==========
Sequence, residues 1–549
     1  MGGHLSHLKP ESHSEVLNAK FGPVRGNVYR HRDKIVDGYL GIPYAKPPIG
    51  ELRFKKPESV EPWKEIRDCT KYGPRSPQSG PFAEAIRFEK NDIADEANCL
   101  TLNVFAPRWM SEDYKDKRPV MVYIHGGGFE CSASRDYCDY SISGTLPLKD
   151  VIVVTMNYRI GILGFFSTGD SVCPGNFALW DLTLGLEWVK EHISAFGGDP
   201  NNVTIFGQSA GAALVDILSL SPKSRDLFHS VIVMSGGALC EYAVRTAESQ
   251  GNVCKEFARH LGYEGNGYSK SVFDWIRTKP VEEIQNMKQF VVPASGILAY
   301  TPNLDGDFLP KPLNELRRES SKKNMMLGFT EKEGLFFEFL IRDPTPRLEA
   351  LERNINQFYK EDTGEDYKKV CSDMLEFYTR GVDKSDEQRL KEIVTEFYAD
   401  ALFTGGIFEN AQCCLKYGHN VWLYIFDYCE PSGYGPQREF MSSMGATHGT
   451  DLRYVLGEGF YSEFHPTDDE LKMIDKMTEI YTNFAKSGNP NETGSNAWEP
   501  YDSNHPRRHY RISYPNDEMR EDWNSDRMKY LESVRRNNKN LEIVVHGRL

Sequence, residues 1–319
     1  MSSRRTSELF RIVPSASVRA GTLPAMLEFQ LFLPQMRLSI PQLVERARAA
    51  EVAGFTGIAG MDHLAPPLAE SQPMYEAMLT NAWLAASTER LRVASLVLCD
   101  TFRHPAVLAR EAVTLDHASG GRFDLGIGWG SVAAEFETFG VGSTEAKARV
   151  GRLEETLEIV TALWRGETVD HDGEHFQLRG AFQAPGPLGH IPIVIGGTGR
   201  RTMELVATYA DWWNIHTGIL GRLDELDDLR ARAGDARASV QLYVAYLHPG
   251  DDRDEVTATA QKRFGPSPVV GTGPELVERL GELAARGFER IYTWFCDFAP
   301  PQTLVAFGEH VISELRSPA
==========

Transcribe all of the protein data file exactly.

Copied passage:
Sequence, residues 1–549
     1  MGGHLSHLKP ESHSEVLNAK FGPVRGNVYR HRDKIVDGYL GIPYAKPPIG
    51  ELRFKKPESV EPWKEIRDCT KYGPRSPQSG PFAEAIRFEK NDIADEANCL
   101  TLNVFAPRWM SEDYKDKRPV MVYIHGGGFE CSASRDYCDY SISGTLPLKD
   151  VIVVTMNYRI GILGFFSTGD SVCPGNFALW DLTLGLEWVK EHISAFGGDP
   201  NNVTIFGQSA GAALVDILSL SPKSRDLFHS VIVMSGGALC EYAVRTAESQ
   251  GNVCKEFARH LGYEGNGYSK SVFDWIRTKP VEEIQNMKQF VVPASGILAY
   301  TPNLDGDFLP KPLNELRRES SKKNMMLGFT EKEGLFFEFL IRDPTPRLEA
   351  LERNINQFYK EDTGEDYKKV CSDMLEFYTR GVDKSDEQRL KEIVTEFYAD
   401  ALFTGGIFEN AQCCLKYGHN VWLYIFDYCE PSGYGPQREF MSSMGATHGT
   451  DLRYVLGEGF YSEFHPTDDE LKMIDKMTEI YTNFAKSGNP NETGSNAWEP
   501  YDSNHPRRHY RISYPNDEMR EDWNSDRMKY LESVRRNNKN LEIVVHGRL

Sequence, residues 1–319
     1  MSSRRTSELF RIVPSASVRA GTLPAMLEFQ LFLPQMRLSI PQLVERARAA
    51  EVAGFTGIAG MDHLAPPLAE SQPMYEAMLT NAWLAASTER LRVASLVLCD
   101  TFRHPAVLAR EAVTLDHASG GRFDLGIGWG SVAAEFETFG VGSTEAKARV
   151  GRLEETLEIV TALWRGETVD HDGEHFQLRG AFQAPGPLGH IPIVIGGTGR
   201  RTMELVATYA DWWNIHTGIL GRLDELDDLR ARAGDARASV QLYVAYLHPG
   251  DDRDEVTATA QKRFGPSPVV GTGPELVERL GELAARGFER IYTWFCDFAP
   301  PQTLVAFGEH VISELRSPA